Friday, November 23, 2012

Young Professionals Only Finding Menial Jobs

Young Professionals Only Finding Menial JobsI've repeatedly reminded my readers that the MSM forget that jobs have both a quantity and quality component. Even though hiring may have slightly increased in recent months (if you believe the BLS's data, which haven't exactly been reliable as of late), the majority of new jobs created during this economic depression have been part-time, low-wage positions filled by seniors. Indeed, 20-something college degree holders in California, a fair sample of the country's young professionals, are still finding professional jobs extremely hard to come by more than 3 years after the Great Recession officially "ended". At 15%, the U-3 unemployment rate for California's college grads under 30 is nearly twice the national rate, and the most common jobs for those "lucky" enough to secure employment are depressingly menial: retail, clerical, and food service positions. According to the Sacramento Bee, more than half of California's half-million degree holders in their 20's are underemployed! The most popular job for the most populous state's young professionals? Floor sales in retail stores.
Young Professionals Only Finding Menial Jobs - chart

Thursday, November 22, 2012

Thanksgiving Also Celebration Of Birth Of Free Enterprise

Thanksgiving Also Celebration Of Birth Of Free Enterprise
Professor Richard M. Ebeling reminds us that the pilgrims were thankful for not only their escape from religious persecution, but also for the birth of free-market capitalism:

This time of the year, whether in good economic times or bad, is when Americans gather with their families and friends and enjoy a Thanksgiving meal together. It marks a remembrance of those early Pilgrim Fathers who crossed the uncharted ocean from Europe to make a new start in Plymouth, Massachusetts. What is less appreciated is that Thanksgiving also is a celebration of the birth of free enterprise in America.

The English Puritans, who left Great Britain and sailed across the Atlantic on the Mayflower in 1620, were not only escaping from religious persecution in their homeland. They also wanted to turn their back on what they viewed as the materialistic and greedy corruption of the Old World.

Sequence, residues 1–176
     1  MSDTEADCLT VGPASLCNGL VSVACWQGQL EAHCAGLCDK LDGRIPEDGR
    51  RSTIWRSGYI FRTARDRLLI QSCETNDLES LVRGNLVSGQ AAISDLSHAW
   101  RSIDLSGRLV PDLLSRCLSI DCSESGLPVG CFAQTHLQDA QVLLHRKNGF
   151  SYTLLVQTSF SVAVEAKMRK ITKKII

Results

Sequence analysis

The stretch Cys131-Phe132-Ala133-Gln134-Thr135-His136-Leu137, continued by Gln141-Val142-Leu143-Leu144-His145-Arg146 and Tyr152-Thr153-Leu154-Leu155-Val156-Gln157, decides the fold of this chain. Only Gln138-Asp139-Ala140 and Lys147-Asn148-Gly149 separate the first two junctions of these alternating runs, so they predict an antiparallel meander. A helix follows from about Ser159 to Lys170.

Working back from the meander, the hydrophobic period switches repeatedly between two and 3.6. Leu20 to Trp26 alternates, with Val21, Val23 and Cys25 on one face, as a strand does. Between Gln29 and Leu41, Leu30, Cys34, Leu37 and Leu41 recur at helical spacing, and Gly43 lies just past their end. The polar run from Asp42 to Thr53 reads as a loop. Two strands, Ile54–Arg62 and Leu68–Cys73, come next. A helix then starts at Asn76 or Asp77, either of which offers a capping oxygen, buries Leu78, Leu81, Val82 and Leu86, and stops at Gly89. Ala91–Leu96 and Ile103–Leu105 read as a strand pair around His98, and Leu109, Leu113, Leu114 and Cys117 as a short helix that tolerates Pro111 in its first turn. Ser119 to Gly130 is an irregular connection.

In the New World, they wanted to erect a New Jerusalem that would not only be religiously devout, but be built on a new foundation of communal sharing and social altruism. Their goal was the communism of Plato’s Republic, in which all would work and share in common, knowing neither private property nor self-interested acquisitiveness.

What resulted is recorded in the diary of Governor William Bradford, the head of the colony. The colonists collectively cleared and worked land, but they brought forth neither the bountiful harvest they hoped for, nor did it create a spirit of shared and cheerful brotherhood.

The less industrious members of the colony came late to their work in the fields, and were slow and easy in their labors. Knowing that they and their families were to receive an equal share of whatever the group produced, they saw little reason to be more diligent in their efforts. The harder working among the colonists became resentful that their efforts would be redistributed to the more malingering members of the colony. Soon they, too, were coming late to work and were less energetic in the fields.

As Governor Bradford explained in his old English (though with the spelling modernized):

"For the young men that were able and fit for labor and service did repine that they should spend their time and strength to work for other men’s wives and children, without recompense. The strong, or men of parts, had no more division of food, clothes, etc. then he that was weak and not able to do a quarter the other could; this was thought injustice. The aged and graver men to be ranked and equalized in labor, and food, clothes, etc. with the meaner and younger sort, thought it some indignant and disrespect unto them. And for men’s wives to be commanded to do service for other men, as dressing their meat, washing their clothes, etc. they deemed it a kind of slavery, neither could husbands brook it."

Because of the disincentives and resentments that spread among the population, crops were sparse and the rationed equal shares from the collective harvest were not enough to ward off starvation and death. Two years of communism in practice had left alive only a fraction of the original number of the Plymouth colonists.

Realizing that another season like those that had just passed would mean the extinction of the entire community, the elders of the colony decided to try something radically different: the introduction of private property rights and the right of the individual families to keep the fruits of their own labor.

As Governor Bradford put it:

"And so assigned to every family a parcel of land, according to the proportion of their number for that end . . . This had a very good success; for it made all hands very industrious, so as much more corn was planted then otherwise would have been by any means the Governor or any other could use, and saved him a great deal of trouble, and gave far better content. The women now went willingly into the field, and took their little-ones with them to set corn, which before would a ledge weakness, and inability; whom to have compelled would have been thought great tyranny and oppression."

The Plymouth Colony experienced a great bounty of food. Private ownership meant that there was now a close link between work and reward. Industry became the order of the day as the men and women in each family went to the fields on their separate private farms. When the harvest time came, not only did many families produce enough for their own needs, but they had surpluses that they could freely exchange with their neighbors for mutual benefit and improvement.

In Governor Bradford’s words: